Trump Hotels announced on June 6th that it has teamed up with Chawla Pointe, LLC, to launch “American Idea,” a midscale brand of lodging in the Mississippi Delta area. Indian American hoteliers Suresh Chawla and Dinesh Chawla, whose late father V.K. Chawla founded Chawla Pointe in the 1980s, currently run the business. They will partner with Trump Hotels to initially build three hotels in the region.
American Idea hotels will build upon President Donald Trump’s pledge on the campaign trail to put America first. The three-star chain will feature artifacts of American culture in the hotels, such as an old Coca Cola machine in the lobby or American-made sundries in the rooms, reported the New York Times.
When Suresh Chawla began construction on a luxury hotel in rural Mississippi last fall, he had no idea it would be the first in a series of new licensing agreements with The Trump Organization.
Chawla, who manages a small chain of hotels with his brother, Dinesh, envisioned an upscale offering to complement the 17 mid-scale hotels the family already operates. The new hotel, which is expected to be completed in first half of 2018, would be called the Lyric Hotel and Spa, and allow “guests from all over the world to immerse themselves in Mississippi culture.”
Now, some nine months after breaking ground on the hotel, Chawla Hotels is teaming up with President Donald Trump’s sons to make that aim a reality. It’s the same idea, the Chawla brothers say, but with the day-to-day operations turned over to the Trump Organization in a licensing deal the Trumps aim to replicate across the country. The new four-star chain, dubbed “Scion,” will be built by local partners such as Chawla Hotels that have agreed to pay royalties and other fees to the Trump Organization.
“The Trump Organization will be branding the hotel as a Scion hotel,” Suresh Chawla explained. “They will be managing and marketing the hotel. My brother and I are a board of directors that will consult them.”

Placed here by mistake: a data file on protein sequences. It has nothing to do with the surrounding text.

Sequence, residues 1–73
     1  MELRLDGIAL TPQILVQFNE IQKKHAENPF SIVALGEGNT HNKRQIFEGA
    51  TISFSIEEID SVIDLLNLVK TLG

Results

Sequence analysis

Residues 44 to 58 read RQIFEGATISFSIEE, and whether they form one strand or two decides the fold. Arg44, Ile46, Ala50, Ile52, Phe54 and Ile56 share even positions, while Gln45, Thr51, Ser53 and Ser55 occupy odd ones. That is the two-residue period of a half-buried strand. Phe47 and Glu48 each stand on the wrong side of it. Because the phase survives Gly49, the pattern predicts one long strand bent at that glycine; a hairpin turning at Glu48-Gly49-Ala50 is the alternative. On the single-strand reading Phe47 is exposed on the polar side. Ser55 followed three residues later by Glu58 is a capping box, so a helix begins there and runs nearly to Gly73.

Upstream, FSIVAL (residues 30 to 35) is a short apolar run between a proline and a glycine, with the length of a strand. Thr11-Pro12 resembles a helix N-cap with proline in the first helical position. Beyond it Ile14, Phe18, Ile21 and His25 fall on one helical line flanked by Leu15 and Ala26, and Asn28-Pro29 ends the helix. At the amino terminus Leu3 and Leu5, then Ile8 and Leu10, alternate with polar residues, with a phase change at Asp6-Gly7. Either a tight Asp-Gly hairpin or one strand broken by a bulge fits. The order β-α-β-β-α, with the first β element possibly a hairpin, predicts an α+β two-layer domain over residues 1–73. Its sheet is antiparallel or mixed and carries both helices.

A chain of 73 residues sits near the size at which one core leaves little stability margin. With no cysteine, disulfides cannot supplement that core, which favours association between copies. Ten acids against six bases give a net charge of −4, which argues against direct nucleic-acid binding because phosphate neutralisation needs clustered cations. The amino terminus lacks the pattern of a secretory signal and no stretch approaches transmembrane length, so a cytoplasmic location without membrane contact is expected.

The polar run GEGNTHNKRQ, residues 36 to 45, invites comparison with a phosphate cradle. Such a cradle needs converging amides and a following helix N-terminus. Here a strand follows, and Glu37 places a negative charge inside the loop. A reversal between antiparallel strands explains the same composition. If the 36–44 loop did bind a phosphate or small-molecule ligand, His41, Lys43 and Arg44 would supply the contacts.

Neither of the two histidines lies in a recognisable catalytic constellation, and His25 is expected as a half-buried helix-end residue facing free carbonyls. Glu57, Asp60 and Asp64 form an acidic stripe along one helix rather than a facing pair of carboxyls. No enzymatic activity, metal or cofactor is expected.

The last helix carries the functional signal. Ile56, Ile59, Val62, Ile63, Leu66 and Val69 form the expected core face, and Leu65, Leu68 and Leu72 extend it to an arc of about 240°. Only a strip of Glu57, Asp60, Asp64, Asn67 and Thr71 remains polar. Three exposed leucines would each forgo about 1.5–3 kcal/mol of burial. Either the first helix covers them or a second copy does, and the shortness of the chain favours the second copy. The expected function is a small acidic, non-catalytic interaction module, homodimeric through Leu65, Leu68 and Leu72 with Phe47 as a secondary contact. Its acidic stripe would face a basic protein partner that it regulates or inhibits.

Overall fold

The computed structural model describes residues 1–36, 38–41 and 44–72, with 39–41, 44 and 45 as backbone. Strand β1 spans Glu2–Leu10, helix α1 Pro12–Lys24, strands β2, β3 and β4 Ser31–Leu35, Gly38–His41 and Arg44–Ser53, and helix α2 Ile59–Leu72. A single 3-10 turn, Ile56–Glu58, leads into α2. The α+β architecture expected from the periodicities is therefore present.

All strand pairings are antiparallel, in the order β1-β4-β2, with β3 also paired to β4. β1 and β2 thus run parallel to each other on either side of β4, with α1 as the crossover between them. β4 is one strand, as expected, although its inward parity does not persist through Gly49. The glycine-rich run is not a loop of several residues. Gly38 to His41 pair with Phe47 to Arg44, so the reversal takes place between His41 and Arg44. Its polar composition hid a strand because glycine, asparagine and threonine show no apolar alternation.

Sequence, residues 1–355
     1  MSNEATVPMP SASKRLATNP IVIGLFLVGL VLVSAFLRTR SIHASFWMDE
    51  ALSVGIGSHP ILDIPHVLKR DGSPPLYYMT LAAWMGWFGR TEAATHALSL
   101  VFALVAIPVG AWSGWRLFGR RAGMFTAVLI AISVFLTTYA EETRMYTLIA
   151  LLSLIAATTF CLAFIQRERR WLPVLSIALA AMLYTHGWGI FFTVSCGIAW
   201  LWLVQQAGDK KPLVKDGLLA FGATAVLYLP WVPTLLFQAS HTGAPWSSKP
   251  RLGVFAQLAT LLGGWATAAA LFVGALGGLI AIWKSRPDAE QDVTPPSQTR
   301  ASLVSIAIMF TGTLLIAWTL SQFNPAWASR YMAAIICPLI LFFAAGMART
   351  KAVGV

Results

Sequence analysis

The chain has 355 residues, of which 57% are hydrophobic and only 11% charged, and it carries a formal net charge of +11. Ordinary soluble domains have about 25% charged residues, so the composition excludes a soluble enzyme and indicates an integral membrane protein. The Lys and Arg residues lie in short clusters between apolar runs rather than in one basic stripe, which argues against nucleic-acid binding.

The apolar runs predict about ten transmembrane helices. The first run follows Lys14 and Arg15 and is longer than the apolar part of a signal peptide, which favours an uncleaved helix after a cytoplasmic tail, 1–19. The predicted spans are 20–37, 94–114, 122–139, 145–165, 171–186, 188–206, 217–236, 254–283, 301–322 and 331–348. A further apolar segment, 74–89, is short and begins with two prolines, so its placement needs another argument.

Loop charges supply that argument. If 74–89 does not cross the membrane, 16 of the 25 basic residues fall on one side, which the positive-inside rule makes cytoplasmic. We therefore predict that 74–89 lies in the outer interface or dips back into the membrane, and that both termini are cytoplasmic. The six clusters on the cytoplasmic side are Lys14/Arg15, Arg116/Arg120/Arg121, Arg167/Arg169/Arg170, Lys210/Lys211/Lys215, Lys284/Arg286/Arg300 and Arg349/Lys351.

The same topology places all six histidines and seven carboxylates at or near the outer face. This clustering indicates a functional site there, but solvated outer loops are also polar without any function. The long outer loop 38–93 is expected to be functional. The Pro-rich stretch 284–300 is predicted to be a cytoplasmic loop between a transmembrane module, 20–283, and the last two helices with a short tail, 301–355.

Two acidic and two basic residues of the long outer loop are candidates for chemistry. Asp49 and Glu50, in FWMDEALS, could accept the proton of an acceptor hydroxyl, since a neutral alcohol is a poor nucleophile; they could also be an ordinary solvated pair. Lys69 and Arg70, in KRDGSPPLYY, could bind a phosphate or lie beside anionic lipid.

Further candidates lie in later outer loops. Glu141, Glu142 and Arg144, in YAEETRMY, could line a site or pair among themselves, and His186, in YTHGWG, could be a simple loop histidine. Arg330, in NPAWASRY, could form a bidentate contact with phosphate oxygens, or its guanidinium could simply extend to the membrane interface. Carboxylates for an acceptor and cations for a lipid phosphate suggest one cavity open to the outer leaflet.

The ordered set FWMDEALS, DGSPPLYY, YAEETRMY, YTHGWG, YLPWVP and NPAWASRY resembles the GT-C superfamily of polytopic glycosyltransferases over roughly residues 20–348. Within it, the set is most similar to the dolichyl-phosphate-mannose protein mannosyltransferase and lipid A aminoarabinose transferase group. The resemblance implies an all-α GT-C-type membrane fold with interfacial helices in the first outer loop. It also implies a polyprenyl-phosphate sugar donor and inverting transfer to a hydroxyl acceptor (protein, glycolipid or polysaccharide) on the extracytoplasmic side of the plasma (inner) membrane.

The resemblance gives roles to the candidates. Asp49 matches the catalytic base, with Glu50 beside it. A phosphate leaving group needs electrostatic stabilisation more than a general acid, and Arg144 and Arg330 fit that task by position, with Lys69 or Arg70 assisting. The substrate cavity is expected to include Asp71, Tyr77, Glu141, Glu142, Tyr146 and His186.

In addition to the Scion-branded hotel, the Chawla brothers have agreed to move three of their existing hotels under a new brand called “American IDEA,” a more affordable, three-star option that Trump’s sons, Eric and Donald Jr., announced Monday in New York. Unlike the higher-priced Scion option, which the Trump Organization will run, American Idea hotels will be managed by partners such as the Chawlas.
The Chawla brothers are the first publicly announced partners in both chains, which are expected to grow rapidly in the coming months. “We were developing our own hotel. We were going to go full-service boutique. We had no idea we’d be associated with the Trump Organization,” Suresh Chawla told Forbes Monday evening on his way to the announcement in New York. “Now, we are doing a whole new interior package. It’s going to be much higher quality.”
So how did a pair of Indian-American immigrants become business partners with the Trump family?
It began with a phone call in March. Suresh Chawla was on spring break, watching a tennis match with his family. He received a call was from an employee at the Trump Organization who had read about the Chawla’s new hotel and wanted in on it. “They read about our hotel and asked if we’d be interested [in partnering]. I had to Google ‘Scion’ to find out what it was,” Dinesh Chawla said, adding that he quickly realized he and his brother “shared about 80 percent of our goals” for the hotel with the Trump Organization. “We want it to be a great social enterprise, as well as a profitable enterprise. … I really felt they listened to us.”
The Chawla brothers declined to disclose the details of their financial arrangement with the Trump Organization. Mitch Garrett, a vice president of Acquisition & Development at Trump Hotels who helped broker the deal, did not respond to a request for comment.
“The only thing I can say for sure,” Dinesh Chawla said, “is on the Scion deal the Trump Organization will manage the day-to-day. And we hope they look out for our financial interests; I can’t imagine they wouldn’t. We have some leverage, too. We are their first hotel [under the Scion brand]. If we suck, there’s going to be a deflating effect.”